3 months ago Created by potrace 1.15, written by Peter Selinger 2001-2017

Fresh air,.. check. Sunshine,.. check. Pigeon droppings,.. check. Lifelong acrophobia,.. check.

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“Secondly, there also may be a growing realization of the ‘fluency effect’: the relatively robust behavioral science phenomenon that the more fluent a font is written in, the more likable and trustworthy the message. As more brands become familiar with this phenomenon, they may want to test new, more fluently written logos to capitalize on this effect,” the professor told us.

#16

Step Out Of A Bathtub Down A Flight Of Stairs, Anyone?

Step Out Of A Bathtub Down A Flight Of Stairs, Anyone?

TheLoneGinger9 Report

#17

This Architect Accidentally Built A Death Ray That Melts Cars And Fries Eggs... Again

This Architect Accidentally Built A Death Ray That Melts Cars And Fries Eggs... Again

badsalad Report

#18

The Cannonball Loop Waterslide, A Slide So Dangerous It Was Shutdown Almost Immediately After Opening

The Cannonball Loop Waterslide, A Slide So Dangerous It Was Shutdown Almost Immediately After Opening

metricrules Report

“While this logo trend is seen across a wide array of industries, there may be only one or two within each industry that may make this change, since if everyone did, they would not be differentiating as well. There may be a broader implication of this: if companies begin to recognize that consumers, at least in digital environments, prefer more basic logo designs, brands will rush to be the first in their industry to do so to plant their flag first. While all brands want to be at the razor’s edge of consumer preferences, no brand wants to be seen as the copycat of their competitor,” Professor Johnson noted.

#20

Hope You Don’t Drop Anything

Hope You Don’t Drop Anything

IrishPubstar Report

T.
Community Member
3 months ago Created by potrace 1.15, written by Peter Selinger 2001-2017

Guys I know we just arrived, but I need to pee.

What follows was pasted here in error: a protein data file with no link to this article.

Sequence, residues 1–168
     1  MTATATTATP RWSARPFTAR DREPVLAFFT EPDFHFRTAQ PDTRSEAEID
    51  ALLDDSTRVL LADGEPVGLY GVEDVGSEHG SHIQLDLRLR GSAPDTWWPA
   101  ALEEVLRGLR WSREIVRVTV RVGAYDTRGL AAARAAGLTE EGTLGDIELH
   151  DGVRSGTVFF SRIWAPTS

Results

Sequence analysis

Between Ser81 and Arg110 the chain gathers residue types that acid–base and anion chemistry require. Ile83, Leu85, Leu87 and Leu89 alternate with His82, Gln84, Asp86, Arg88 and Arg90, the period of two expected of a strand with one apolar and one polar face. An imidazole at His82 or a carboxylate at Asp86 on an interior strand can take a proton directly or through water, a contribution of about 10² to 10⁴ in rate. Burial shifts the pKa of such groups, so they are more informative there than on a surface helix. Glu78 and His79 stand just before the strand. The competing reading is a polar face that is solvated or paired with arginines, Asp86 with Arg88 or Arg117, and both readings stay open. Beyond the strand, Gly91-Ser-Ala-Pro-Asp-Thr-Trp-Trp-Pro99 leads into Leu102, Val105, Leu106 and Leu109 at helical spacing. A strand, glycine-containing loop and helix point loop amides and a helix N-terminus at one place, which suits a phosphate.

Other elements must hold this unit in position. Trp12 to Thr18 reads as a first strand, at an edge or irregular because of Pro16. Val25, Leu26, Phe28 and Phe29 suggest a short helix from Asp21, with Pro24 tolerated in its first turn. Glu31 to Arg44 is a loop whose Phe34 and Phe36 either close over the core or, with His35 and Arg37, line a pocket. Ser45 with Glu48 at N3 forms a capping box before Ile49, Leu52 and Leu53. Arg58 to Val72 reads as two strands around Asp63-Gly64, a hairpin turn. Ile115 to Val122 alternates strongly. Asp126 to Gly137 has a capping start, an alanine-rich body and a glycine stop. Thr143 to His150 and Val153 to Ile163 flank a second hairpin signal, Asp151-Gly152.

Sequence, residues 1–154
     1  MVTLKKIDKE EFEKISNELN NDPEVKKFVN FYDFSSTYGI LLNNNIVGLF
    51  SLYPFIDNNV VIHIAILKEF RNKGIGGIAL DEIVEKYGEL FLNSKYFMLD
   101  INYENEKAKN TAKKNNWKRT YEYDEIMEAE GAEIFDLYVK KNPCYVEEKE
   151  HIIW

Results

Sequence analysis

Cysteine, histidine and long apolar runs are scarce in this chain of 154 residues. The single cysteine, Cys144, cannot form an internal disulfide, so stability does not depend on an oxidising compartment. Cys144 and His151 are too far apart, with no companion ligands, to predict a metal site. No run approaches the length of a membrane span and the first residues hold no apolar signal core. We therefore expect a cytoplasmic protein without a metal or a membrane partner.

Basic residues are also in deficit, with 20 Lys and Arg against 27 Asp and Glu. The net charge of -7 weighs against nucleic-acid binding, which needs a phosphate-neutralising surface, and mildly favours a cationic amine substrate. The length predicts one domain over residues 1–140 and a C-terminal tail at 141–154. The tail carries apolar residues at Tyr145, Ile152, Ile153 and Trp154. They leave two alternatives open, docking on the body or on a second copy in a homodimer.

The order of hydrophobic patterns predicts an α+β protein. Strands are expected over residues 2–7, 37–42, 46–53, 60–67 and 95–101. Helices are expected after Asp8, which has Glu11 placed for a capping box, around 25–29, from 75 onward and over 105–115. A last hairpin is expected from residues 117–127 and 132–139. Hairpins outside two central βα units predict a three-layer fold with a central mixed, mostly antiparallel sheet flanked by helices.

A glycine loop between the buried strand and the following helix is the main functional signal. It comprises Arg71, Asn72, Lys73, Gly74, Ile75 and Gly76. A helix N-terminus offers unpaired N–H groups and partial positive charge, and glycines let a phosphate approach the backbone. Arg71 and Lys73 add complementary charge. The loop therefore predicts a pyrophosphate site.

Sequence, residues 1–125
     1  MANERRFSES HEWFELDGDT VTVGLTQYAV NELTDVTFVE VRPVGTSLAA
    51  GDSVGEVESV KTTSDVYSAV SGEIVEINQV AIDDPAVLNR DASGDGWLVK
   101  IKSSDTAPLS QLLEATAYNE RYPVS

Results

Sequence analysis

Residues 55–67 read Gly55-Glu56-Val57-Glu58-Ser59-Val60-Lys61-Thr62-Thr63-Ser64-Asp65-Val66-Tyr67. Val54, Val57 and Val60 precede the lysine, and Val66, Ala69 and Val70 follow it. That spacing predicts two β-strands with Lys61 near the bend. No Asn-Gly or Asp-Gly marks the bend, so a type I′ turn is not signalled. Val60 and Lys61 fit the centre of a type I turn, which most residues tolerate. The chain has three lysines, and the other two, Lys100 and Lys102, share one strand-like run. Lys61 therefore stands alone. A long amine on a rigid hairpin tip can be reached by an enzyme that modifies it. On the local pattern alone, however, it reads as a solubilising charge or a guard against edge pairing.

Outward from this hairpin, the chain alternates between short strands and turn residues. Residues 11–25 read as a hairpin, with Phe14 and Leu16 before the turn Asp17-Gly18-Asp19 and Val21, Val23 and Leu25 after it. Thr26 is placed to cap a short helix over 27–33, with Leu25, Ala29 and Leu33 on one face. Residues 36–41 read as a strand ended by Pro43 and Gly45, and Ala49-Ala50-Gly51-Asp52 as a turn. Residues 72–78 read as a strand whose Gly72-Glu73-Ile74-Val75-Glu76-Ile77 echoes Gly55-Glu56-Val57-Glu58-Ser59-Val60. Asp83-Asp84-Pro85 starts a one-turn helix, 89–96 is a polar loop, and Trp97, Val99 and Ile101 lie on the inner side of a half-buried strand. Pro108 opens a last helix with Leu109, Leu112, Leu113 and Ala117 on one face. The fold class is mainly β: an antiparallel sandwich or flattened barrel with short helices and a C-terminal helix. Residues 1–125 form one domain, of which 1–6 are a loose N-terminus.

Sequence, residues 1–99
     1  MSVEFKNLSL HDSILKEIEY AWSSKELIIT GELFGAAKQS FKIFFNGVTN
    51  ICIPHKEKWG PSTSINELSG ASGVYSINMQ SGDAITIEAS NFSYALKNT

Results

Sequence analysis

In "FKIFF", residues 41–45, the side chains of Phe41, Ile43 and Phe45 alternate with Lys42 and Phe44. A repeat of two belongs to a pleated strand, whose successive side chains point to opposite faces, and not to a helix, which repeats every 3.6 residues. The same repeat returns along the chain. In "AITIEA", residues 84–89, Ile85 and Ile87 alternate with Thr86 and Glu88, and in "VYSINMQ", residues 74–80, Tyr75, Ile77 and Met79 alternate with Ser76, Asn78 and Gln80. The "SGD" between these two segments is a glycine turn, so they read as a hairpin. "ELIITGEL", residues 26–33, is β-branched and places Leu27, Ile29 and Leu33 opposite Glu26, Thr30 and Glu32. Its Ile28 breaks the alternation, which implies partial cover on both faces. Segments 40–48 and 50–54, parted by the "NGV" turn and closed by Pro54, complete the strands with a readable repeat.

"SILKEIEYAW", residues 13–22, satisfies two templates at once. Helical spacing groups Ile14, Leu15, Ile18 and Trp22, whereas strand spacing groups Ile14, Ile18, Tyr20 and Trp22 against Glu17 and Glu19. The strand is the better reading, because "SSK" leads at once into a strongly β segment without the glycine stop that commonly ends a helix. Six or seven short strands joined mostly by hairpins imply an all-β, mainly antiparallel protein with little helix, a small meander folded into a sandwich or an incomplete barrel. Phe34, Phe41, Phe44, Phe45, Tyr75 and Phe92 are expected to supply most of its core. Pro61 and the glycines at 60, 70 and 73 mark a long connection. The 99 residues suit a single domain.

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#21

On The Floor Of Doctor's Office. If You Trip On It, You're In The Right Place

On The Floor Of Doctor's Office. If You Trip On It, You're In The Right Place

Chriss899 Report

See Also on Bored Panda

“I imagine the general trend will persist, especially in the digital environment. If it turns out to be the case that more basic, legible logos are more suitable for online preferences, we may also move to a system where each major brand has at least two distinct brand logos: one in the digital world, and one for the physical world. This is already happening to a certain extent since many brands that have gone to a more basic font haven’t completely jettisoned their originals and retained them for specific uses,” the consumer psychology specialist said.

#22

A Footbridge With Knee-High Sides

A Footbridge With Knee-High Sides

MaxPowerzs Report

#23

Indian Stepwells | The Construction Of Stepwells Is Mainly Utilitarian, Though They May Include Embellishments Of Architectural Significance, And Be Temple Tanks

Indian Stepwells | The Construction Of Stepwells Is Mainly Utilitarian, Though They May Include Embellishments Of Architectural Significance, And Be Temple Tanks

wikipedia_it Report

#24

Stairwell In A Hotel I Stayed In

Stairwell In A Hotel I Stayed In

Hun10dog Report

excuse.you
Community Member
3 months ago (edited) Created by potrace 1.15, written by Peter Selinger 2001-2017

I will probably be gripping on to the handrail like a baby koala riding the back of a cat walking across a tightrope upside down while having fire being thrown at it while being 500.00000000000000001million metres above a pool full of dolphins and skinwalkers.

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“Since branding is fundamentally about differentiation, there will be an upper limit to how much brand logos can homogenize and go together on a single dimension. It’s great to adapt to new consumer preferences, but if every brand does that in the same way, it fails to differentiate in a significant way. This is why I think there is a ‘race’ within each industry to be the first to do so, which then makes things more difficult for their competitors: should they persist in making their logo more basic, at the risk of looking like a copycat? Or should they cede that positioning and devise a way to differentiate by some other means?” he mused.

#25

Oh No

Oh No

Chriss899 Report

#26

Window That Turns Into A Balcony

Window That Turns Into A Balcony

TheGr8Canadian Report

Sasha
Community Member
3 months ago Created by potrace 1.15, written by Peter Selinger 2001-2017